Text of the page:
Several years ago, while riding a 600K on a highway in Arizona (near the Grand Canyon), some experienced randonneurs expressed the opinion that riding at night on a highway is actually safer than during the day. Since that event, I have often wondered about this.
A few weeks ago, I did a 200K (125-mile) training ride. Because of predicted gusty winds of 40 MPH I decided to do a pre-dawn start so those winds would be to my back when they finally hit, later in the day. (This turned out to be a perfect plan as I had them to my back for the last half of these ride and was able to fly along at 27 MPH on the flats, solo…but that is another story!) Early in the ride, my route took me on a short section (~ 8 miles) of I-15, where the speed limit is 80 MPH. I had on my usual reflective clothing, which was a reflective vest and ankle bands. I also had on two red 1/2-watt blinkies, both of which were in blink mode. One on my left seat stay and the other on my ankle that goes up and down while pedaling, providing even more attention. During that section, while on the broad shoulder of the freeway, virtually every vehicle (including many semi-trucks) changed lanes to avoid me. I have ridden this same section during the day, and vehicles rarely changed lanes when they came upon me.
Later that morning, while it was still dark, and on a different two-lane undivided rural highway, which had a very small shoulder…every vehicle either swung wide as they saw my lights in the distance. Then, an hour or two later, shortly after dawn, when my lights were not bright enough to penetrate the darkness (I still had my blinkies turned on…just to be sure), vehicles were cutting me much closer. Occasionally I would ride on the outside or right side of the rumble strip when there was room, but that was not always possible. This simple test proved that on rural roads or highways, night riding was indeed safer than riding during the day.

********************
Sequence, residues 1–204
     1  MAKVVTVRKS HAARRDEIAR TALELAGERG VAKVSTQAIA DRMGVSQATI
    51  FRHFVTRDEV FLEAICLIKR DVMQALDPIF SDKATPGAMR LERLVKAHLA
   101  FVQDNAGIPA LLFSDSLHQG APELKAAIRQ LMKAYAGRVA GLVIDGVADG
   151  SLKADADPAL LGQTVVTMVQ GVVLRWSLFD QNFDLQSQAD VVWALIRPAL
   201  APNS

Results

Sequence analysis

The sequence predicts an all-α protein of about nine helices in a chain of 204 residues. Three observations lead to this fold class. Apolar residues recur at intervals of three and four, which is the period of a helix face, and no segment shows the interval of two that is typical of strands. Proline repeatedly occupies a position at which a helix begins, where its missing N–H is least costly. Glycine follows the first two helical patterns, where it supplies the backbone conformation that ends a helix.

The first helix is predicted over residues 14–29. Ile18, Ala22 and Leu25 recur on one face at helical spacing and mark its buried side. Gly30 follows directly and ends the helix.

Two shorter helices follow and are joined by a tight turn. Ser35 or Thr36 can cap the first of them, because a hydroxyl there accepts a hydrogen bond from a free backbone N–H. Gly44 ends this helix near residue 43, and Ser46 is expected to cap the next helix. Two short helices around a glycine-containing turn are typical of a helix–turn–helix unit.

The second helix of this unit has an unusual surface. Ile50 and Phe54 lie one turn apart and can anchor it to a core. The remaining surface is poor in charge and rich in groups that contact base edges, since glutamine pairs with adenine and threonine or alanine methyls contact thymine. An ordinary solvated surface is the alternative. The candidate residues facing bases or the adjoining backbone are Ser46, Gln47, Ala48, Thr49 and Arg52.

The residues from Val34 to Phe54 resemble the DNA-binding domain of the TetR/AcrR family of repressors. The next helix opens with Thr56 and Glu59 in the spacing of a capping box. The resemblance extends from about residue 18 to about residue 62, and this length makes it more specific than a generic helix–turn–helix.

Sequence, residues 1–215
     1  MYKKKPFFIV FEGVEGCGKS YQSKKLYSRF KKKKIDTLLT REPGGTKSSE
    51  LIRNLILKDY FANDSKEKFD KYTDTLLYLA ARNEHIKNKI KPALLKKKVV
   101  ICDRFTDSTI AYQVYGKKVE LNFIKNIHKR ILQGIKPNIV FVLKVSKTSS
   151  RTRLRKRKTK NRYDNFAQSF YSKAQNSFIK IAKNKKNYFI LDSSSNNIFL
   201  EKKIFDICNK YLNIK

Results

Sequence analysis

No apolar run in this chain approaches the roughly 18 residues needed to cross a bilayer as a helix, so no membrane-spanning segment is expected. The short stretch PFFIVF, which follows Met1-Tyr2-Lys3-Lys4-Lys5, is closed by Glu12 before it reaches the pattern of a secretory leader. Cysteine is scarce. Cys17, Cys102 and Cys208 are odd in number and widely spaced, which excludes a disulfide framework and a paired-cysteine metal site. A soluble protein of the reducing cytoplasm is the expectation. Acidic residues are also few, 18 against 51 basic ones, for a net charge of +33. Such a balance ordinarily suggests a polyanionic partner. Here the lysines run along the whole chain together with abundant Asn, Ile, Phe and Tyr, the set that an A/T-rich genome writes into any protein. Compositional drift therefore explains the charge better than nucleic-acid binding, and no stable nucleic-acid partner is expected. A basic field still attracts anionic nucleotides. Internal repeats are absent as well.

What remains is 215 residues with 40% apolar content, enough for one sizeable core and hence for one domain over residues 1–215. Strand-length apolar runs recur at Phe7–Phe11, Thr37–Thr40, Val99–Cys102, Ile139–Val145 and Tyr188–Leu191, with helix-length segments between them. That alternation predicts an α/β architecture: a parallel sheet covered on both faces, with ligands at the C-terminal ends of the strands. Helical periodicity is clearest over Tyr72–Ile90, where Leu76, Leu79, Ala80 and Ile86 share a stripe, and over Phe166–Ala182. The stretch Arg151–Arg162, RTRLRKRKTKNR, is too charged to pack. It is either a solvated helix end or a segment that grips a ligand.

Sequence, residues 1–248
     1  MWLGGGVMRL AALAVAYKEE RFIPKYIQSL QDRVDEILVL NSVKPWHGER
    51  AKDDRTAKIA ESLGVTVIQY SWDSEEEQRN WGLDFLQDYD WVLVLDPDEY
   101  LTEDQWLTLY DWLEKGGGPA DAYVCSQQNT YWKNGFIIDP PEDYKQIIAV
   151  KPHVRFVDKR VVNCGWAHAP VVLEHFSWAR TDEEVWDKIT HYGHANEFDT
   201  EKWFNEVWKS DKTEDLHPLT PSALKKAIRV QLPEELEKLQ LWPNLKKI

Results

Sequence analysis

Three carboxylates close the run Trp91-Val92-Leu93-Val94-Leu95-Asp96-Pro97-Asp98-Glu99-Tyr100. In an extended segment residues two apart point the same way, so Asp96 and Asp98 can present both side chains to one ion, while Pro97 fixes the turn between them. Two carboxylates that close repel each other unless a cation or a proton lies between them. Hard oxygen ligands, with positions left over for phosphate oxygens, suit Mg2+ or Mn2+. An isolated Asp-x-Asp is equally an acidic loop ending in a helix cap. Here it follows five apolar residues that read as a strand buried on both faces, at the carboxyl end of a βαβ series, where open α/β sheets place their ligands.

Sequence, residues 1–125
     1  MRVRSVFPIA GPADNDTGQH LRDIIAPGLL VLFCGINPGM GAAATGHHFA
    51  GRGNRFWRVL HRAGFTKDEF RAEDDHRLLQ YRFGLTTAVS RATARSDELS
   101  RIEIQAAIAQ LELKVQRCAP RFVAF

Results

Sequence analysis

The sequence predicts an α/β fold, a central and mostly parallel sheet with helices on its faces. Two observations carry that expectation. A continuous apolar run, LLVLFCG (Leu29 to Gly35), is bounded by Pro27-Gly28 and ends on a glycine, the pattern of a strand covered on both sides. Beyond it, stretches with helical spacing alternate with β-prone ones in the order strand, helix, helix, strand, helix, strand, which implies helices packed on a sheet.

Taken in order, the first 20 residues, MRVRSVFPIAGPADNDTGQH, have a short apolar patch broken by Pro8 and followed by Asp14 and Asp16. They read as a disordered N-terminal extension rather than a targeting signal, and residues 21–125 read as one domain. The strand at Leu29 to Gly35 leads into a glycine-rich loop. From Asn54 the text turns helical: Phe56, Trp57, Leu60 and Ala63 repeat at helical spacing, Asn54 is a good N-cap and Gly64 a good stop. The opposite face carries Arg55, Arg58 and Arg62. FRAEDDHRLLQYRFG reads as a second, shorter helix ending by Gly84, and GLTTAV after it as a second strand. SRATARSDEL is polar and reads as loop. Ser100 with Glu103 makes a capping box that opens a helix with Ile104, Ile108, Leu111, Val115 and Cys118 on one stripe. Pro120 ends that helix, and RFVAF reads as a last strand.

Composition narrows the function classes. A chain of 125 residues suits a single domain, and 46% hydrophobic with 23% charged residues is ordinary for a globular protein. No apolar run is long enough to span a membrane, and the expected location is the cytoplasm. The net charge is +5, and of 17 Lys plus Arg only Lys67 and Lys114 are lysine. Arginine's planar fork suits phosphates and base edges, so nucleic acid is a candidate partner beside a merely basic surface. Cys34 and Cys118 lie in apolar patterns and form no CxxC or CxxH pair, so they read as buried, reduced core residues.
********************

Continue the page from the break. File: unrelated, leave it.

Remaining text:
Please note that I had my rear blinky lights blinking and not on solid mode…that tells motorists that there is either a slow-moving vehicle, person receiving a citation or an accident ahead and to slow down and/or change lanes. I completely disagree with some that state that cyclists should ride with a solid red rear light, as a blinking light causes impaired drivers to steer toward you.
Now, for riding in urban areas, night riding may be less safe as there are so many other distractions and lights, including street and store signs and the glare of other motorists headlights blinding both cyclists and motorists alike. This can be especially hazardous during the hours of dawn or dusk as bicycle lights may not be bright enough to cut through the semi-dark conditions.
Also, be aware that riding at dawn or sunset (especially while going climbing or descending in a canyon), conditions where the sun may be blinding motorists easily, it behooves you to keep your tail light on…just to be safe.
Related posts: Bicycle Tail Light Review